33 of 51 people found the following review helpful
Absurdity in action,
This review is from: Against Method: Outline of an Anarchistic Theory of Knowledge (Paperback)
Before reading this book, ask yourself the following question: do you think voodoo is as good science as quantum mechanics? If the answer is no, then prepare for extreme frustration with absurd arguments, dishonest scolarship and numerous inconsistencies. If the answer is yes, you'll be thrilled with this laissez-faire approach to science and epistemology.
The main thesis of the book could not be simpler: all science and all observations are completely theoretical. What one physical theory says is hence completely incommensurable with what another says. In fact, physical theories aren't in any way better than other theories in explaining the world. Astrology is just as valid as astronomy, voodoo is just as valid as our medical science...everything is just as valid as everything else, because there cannot be any rules for validity.
Why is this the case? Because Galileo's physics was not perfectly rational. A (faulty) analysis of Galileo makes up for more than half of the book. Little does it matter to Feyerabend that his physics in the 17th century was presented in dialogues without any mathematical tools. Has anybody ever claimed that Galileo was a model scientist, or moreover, that Galileo can be though of as an example of MODERN science? Of course not, but Feyerabend picks a spectacular and easy target. In doing this he is consistent, though, because any argument is as good as any other. Although one has to wonder how he can claim that Galileo was not rational after arguing forcefully that there cannot be any criteria for rationality...
Of course Feyerabend provokes on purpose. He does not believe all this, as he stated many times later. The book was an effort to wake philosophers of science from their dream that philosophy can give norms for science. In doing this Feyerabend was absolutely right, and his place in the history of philosophy of science is well founded. But just considering this book as an independent work, one can't help the idea that it's parody. It is that bad.
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Showing 1-4 of 4 posts in this discussion
Initial post: 13 Jul 2010 16:20:30 BDT
H. A. Van Berg says:
Posted on 13 Feb 2012 07:52:19 GMT
So you wouldn't recommend buying this book then?
Posted on 22 Apr 2012 10:45:59 BDT
Science rests on constantly falsifying its results, since the first error of becoming "value free" is to lie to yourself. The "scientist" through his pedagogy undergoes a self vanishing trick, only to wish himself back through his learning the trick. The rest of the nonsense flows from this basic lie.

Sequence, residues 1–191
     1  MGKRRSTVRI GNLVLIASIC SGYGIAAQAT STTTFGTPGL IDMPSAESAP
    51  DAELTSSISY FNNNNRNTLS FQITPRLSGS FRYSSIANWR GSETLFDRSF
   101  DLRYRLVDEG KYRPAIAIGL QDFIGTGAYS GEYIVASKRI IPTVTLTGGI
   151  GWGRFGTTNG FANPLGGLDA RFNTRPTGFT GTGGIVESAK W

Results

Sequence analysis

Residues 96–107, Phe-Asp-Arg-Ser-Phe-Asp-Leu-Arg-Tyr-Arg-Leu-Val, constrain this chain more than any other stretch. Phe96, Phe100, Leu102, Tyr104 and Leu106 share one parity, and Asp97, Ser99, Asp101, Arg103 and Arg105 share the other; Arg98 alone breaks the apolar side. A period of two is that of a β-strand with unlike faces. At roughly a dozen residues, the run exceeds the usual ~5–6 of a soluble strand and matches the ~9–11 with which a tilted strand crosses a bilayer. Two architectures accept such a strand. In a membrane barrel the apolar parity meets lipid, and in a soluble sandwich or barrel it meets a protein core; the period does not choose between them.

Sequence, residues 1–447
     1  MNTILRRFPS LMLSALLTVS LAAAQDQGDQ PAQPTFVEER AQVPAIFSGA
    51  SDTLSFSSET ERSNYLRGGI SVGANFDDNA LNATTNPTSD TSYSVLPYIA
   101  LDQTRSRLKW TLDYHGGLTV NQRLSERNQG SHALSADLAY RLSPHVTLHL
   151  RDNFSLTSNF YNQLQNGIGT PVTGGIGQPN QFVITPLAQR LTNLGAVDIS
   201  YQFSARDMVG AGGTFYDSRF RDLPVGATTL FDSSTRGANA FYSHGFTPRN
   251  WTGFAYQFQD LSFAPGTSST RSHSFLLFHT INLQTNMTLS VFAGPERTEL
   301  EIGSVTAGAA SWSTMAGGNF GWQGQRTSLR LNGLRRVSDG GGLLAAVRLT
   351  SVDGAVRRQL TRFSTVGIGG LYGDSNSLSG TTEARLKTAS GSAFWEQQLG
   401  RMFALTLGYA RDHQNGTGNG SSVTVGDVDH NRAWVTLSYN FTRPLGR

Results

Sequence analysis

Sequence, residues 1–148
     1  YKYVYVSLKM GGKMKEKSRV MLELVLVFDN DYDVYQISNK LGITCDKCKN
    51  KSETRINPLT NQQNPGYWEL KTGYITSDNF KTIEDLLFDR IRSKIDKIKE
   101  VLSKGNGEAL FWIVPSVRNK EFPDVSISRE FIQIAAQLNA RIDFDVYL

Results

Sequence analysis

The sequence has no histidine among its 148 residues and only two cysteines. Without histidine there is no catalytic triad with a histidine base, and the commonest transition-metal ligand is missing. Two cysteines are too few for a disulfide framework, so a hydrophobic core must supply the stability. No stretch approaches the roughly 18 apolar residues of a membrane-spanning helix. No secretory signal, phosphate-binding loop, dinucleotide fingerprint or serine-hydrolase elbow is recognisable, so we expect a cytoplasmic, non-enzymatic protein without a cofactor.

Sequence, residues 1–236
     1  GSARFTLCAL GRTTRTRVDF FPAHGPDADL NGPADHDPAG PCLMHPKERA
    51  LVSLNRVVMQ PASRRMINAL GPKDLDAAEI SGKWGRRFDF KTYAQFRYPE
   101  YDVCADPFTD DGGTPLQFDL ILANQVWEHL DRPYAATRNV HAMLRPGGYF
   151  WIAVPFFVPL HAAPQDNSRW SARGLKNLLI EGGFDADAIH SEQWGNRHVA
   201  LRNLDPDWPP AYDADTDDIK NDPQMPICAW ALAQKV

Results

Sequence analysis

Scientists are just people with undiagnosed autism. Discuss.
Posted on 1 Mar 2014 16:01:03 GMT
Mr. Vincenzo Politi says:
The only good part of your review is the last one. Indeed, Feyerabend was actually discussing the idea that science is founded on a unique, universal and sovra-historical set of "rational norms". He suggests that, by looking at the past, we can see very good scientists who did not conform to the set of abstract, absolute, universal and sovra-historical rational rules. The best scientists, it turns out, actually broke those rules of rationality. But - and this is something that you don't make clear in your review - Feyerabend is not saying that "there are no rules of scientific rationality" but only that "there is not such a things as THE scientific rationality": science is a creative and on-going process and, actually, the more alternative norms and points of view there are, the better.
What he is NOT saying is that voodoo is as good science as quantum mechanics. The two cannot even be compared, neither to say that one is better than the other nor to say that they are "good the same". There is not a universal criterion for comparing two different frameworks. Of course, while quantum mechanics has actual resilient results, voodoo does not seem to explain anything at all - Feyerabend OF COURSE is not denying this. However, he is also saying that we are in no position to say that quantum physicists are more "rational" than voodoo practicers, since what is rational for the previous is not rational for the latter and vice-versa.
Finally, Galileo Galilei is universally recognised as one of the founders of modern science. "Modern science" is not the same as "contemporary science", that is, current science. "Modern science" was born out of the so-called "mathematisation of nature", introduced by Galileo, in virtue of which natural phenomena began to be studied "quantitatively" and not "qualitatively". I also want to add that Galileo did not write just a dialogue with no numbers in it and that he performed lots of mathematical measurements - i.e., the acceleration of bodies on an inclined plane.
In the light of all of this, many of the claims in your review should be modified, in my opinion.
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